No-Cry Sleep Solution: Sleep Solutions for 0-4 months

Pantley goes over several ideas that may be able to help your child sleep better. She suggests you look over all these ideas and decide what will work best for you and baby. She also suggests you look over the section for older babies since this has a bunch of useful information in it too.

**This section is organized slightly different than her book. I thought it flowed better this way.

Read, Learn, and Beware of Bad Advice
Knowledge is power (as the saying goes). Pantley mentions that "the more knowledge you have the less likely that other people will make you doubt your parenting skills." When you are knowledgeable, you will be able to better choose what parenting
methods fit your family and be able to stand up for them when others try to push you to do one thing or another.
  • The biology of newborn sleep - Babies have to eat often day and night (hopefully you already knew this before you had a baby or you will be in for one big surprise!). Their schedule is also unpredictable for quite a while.
  • Sleeping Through the Night - The scientific definition of sleeping through the night for a newborn is five hours. That's right. Only five hours. I like a bit more than that.
Where to sleep
Pantley mentions that a baby that always sleeps in your arms will always want to do this and not sleep any other way. Since this is not possible for most moms because they have many things they have to do on a daily basis, she suggests you "strike a balance between instinct and practicality" and put your baby to sleep in his bed as much as possible while continuing to hold him to sleep every so often. (p. 71). This idea is important for co-sleeping parents also. Try to teach your child that he can sleep by himself and next to you by having him sleep by himself sometimes.

Falling Asleep at the Breast of Bottle
Babies that only fall asleep while sucking often cannot fall asleep or stay asleep any other way (see sleep props/associations). Pantley suggests that to help prevent this from happening, you "sometimes let your newborn baby suck until she is sleep, but not totally asleep. As often as you can, remove the breast, bottle or pacifier and let her finish falling asleep without something in her mouth" (p. 73). Sometimes baby will resist when you do this so she suggests offering the breast, bottle or pacifier again and start the process again and do as many times as necessary. Of course doing this requires you to keep your long term goals in mind because it would be a lot easier to just give in and let baby fall completely asleep while sucking. She says that if you do this enough that baby will eventually learn to fall asleep without sucking on something.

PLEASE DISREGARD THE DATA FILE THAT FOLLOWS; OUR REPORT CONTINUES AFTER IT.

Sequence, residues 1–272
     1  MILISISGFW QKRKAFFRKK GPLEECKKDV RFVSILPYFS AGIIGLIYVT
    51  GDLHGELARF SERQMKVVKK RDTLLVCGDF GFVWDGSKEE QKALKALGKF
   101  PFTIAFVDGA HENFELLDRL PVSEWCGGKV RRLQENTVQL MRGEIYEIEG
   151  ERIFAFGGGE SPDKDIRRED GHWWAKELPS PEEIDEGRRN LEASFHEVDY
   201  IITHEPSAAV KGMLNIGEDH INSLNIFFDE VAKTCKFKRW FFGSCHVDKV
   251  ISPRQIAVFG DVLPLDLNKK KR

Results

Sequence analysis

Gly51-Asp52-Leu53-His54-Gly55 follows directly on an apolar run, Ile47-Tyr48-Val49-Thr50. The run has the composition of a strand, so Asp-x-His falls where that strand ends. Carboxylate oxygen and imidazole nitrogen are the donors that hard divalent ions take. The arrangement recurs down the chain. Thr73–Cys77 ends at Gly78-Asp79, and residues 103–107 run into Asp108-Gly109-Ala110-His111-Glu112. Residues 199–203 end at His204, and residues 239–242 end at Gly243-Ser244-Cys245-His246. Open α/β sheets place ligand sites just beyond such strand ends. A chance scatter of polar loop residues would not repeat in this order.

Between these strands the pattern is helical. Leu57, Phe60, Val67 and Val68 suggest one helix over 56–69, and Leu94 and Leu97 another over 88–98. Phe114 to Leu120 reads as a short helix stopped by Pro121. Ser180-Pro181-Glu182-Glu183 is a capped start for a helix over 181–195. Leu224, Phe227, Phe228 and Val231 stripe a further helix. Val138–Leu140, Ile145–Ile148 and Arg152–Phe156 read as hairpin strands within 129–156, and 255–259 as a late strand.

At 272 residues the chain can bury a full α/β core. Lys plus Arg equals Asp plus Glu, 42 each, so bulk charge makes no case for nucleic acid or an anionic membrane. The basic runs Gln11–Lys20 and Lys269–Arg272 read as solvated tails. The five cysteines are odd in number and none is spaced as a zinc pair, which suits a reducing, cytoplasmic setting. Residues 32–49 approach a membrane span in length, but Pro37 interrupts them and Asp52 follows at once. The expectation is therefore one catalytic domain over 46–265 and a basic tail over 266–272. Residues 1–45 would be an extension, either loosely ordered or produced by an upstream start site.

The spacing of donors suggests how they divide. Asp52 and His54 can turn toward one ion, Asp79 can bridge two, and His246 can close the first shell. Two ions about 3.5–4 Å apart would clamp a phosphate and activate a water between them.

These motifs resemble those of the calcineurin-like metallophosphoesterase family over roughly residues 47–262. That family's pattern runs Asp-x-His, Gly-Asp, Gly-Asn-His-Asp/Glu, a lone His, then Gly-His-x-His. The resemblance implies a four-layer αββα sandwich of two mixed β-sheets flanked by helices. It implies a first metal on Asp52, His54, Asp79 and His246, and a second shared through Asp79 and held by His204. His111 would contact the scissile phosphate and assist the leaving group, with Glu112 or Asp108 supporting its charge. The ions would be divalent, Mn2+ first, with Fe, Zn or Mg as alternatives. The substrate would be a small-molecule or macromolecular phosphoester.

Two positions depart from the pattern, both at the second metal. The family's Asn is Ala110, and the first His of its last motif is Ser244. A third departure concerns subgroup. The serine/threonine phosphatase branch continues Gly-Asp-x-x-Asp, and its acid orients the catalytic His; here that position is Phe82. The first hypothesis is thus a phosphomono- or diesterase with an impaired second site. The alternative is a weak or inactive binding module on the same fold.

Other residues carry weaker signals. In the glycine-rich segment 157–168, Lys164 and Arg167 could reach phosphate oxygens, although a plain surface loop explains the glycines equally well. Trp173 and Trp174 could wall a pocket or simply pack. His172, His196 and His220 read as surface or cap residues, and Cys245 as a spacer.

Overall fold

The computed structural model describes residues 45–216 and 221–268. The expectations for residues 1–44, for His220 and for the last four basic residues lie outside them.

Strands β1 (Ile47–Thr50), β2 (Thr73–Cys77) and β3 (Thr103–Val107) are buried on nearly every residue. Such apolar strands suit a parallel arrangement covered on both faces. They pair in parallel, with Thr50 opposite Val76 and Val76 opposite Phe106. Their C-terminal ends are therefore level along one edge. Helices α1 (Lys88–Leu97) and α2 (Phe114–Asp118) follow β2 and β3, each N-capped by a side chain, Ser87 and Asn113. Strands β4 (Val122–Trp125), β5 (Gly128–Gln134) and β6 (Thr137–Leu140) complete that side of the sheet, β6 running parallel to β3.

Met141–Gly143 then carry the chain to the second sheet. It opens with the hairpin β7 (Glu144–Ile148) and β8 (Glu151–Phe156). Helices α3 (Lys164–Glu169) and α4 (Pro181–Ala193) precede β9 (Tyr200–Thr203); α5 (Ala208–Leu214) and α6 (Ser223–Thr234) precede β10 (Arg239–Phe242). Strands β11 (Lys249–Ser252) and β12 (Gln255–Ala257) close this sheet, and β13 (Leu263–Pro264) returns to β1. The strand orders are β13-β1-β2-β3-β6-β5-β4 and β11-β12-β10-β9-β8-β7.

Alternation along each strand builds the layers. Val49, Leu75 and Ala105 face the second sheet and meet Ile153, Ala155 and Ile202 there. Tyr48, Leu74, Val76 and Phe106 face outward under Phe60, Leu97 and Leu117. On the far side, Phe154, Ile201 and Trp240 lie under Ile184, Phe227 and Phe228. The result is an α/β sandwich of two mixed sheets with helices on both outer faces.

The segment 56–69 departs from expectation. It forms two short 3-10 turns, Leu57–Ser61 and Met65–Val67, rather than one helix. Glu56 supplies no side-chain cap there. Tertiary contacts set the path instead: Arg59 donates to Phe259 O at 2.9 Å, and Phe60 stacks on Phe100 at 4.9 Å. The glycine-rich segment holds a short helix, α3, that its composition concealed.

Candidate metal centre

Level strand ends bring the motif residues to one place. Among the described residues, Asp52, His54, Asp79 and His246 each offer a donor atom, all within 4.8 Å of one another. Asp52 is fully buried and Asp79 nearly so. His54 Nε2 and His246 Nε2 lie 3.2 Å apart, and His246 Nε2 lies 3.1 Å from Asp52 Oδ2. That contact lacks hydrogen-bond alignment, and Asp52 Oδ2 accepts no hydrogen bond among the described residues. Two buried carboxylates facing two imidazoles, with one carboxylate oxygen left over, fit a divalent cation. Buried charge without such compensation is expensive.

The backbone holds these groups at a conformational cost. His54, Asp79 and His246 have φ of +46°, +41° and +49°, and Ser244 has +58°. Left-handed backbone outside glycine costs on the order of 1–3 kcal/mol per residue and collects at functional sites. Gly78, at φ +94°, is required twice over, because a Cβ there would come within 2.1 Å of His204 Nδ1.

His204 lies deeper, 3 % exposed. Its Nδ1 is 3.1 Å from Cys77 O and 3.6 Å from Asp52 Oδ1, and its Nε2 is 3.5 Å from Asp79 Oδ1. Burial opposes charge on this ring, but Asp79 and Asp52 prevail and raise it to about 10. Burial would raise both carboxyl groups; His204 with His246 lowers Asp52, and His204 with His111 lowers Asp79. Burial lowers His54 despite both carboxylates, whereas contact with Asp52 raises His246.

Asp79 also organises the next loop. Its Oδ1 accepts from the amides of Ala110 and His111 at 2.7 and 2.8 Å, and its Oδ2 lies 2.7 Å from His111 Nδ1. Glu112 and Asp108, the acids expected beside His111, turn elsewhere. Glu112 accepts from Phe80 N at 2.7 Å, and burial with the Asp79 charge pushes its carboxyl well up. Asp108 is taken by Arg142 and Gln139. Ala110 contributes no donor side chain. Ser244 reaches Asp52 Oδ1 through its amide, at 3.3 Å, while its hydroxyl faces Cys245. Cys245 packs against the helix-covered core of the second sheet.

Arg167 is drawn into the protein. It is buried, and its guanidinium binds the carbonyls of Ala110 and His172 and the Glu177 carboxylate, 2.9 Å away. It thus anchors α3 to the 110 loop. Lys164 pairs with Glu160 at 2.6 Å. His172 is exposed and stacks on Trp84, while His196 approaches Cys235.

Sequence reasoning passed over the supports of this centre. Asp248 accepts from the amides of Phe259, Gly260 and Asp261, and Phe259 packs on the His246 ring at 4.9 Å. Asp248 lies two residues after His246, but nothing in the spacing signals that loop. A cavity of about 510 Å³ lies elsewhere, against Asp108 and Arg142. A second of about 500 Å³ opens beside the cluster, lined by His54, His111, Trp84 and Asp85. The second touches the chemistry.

The next step is to have baby put in his crib when he is sleepy and not asleep. If baby doesn't settle easily when you do this, she suggests you calm baby however you normally do and then try to start the process over again in either a few minutes or for his next nap. This is much easier to do before baby has ingrained habits that don't include sleeping in his bed.

*On a side note, finger and thumb sucking is different from sucking on a bottle, breast, or pacifier to fall asleep since baby can reinsert his thumb or fingers by himself.

Hunger vs Sleeping Noises
Babies can be quite noisy sleepers. They can also be pretty noisy as they transition through sleep phases. If you respond to noises that are sleeping noises rather than hunger sounds you may actually get your child into the habit of waking more frequently. The key here is to not rush in! Pantley mentions that this is especially important in the long run if you are co-sleeping. She says that while feeding at every brief awakening may not be bothersome at first, "it is a very rare mother who will still be enjoying it ten or twelve months later." (p.78)

"Listen carefully when our baby makes night noises:
If she is making sleeping noises--let her sleep.
If she really is waking up--tend to her quickly." (p.76)

When your child wakes and makes hunger sounds, feeding her as soon as possible will help her not wake fully so that she can go to sleep more quickly after the feeding.

Distinguishing Night from Day